Is Graphene The New Silicon? Innovative Electronic Device May Be Possible Due To Carbon-Based Material's Unique Properties
Scientists have been attempting to create graphene-based electronic devices for nearly a decade. That's because graphene has the unique ability to carry electrons seamlessly without any resistance at room temperature. This property is known as ballistic transport.
According to a new study in the journal Nature, graphene nanoribbons act like optical wave guides, or quantum dots, which allow the electrons to flow smoothly along the edges of the material. In contrast, other conductors like copper create considerable resistance as electrons move through the length of the conductor encountering more and more impurities.
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The scientist measured the ballistic transport properties in 40 nanometers-wide graphene nanoribbons grown on the edges of three dimensional structures embedded into silicon carbide wafers. The ballistic transport properties studied in cylindrical carbon nanotubes exceeded conductance predictions in graphene by a factor of 10.
"This work shows that we can control graphene electrons in very different ways because the properties are really exceptional," said Walt de Heer, a Regent's professor in the School of Physics at the Georgia Institute of Technology. This finding will pave the way for the manufacture of a new class of electronic devices very different from silicon based devices, according to Heer.
Past efforts in the creation of grapheme-based devices have been pretty unsuccessful, because the material cannot be given the required bandgap to allow such devices to operate. If scientists can make a lattice of carbon atoms as little as a layer thick, it would then be possible to create such devices. Therefore, De Heer argues that scientists should stop focusing on using graphene like silicon, and focus instead on making use of the unique electron transport properties to create these devices. The new approach to switching will make ultrafast computing possible, because graphene nanoribbons will allow tens of hundreds of microns move seamlessly without scattering.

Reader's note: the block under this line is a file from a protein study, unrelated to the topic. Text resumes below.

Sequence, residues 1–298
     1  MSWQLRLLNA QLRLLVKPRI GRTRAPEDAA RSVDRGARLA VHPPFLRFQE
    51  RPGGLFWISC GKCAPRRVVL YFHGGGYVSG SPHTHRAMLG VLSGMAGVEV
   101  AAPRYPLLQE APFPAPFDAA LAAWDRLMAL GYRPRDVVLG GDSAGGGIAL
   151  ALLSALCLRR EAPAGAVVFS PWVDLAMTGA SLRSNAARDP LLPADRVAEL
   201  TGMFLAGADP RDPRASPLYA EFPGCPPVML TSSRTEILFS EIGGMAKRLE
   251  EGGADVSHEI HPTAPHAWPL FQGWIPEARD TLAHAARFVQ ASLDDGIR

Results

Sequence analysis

"It seems that the current is primarily flowing on the edges," de Heer said. "There are other electrons in the bulk portion of the nanoribbons, but they do not interact with the electrons flowing at the edges."
The scientist grew nanoribbons epitaxially on silicon carbon wafers. The used standard microelectronics fabrication techniques to etch patterns on them before heating the wafers to nearly 1000 degrees Celsius that drove silicon off along the edges. The process created perfectly smooth edges that allow the unrestricted flow of electrons. The traditional etching technique, on the other hand, results in rough edges — which makes ballistic transport impossible.
The electronic transport in the graphene nanoribbons could be similar to what is found in super conductors, according to De Heer. "There is a lot of fundamental physics that needs to be done to understand what we are seeing," he said. "We believe this shows that there is a real possibility for a new type of graphene based electronics."
The research involved a collaboration of scientists from Georgia Tech in the United States, Leibniz Universität Hannover in Germany, the Centre National de la Recherche Scientifique (CNRS) in France and Oak Ridge National Laboratory in the United States. It was supported by the Air Force Office of Scientific Research and the W.M. Keck Foundation.
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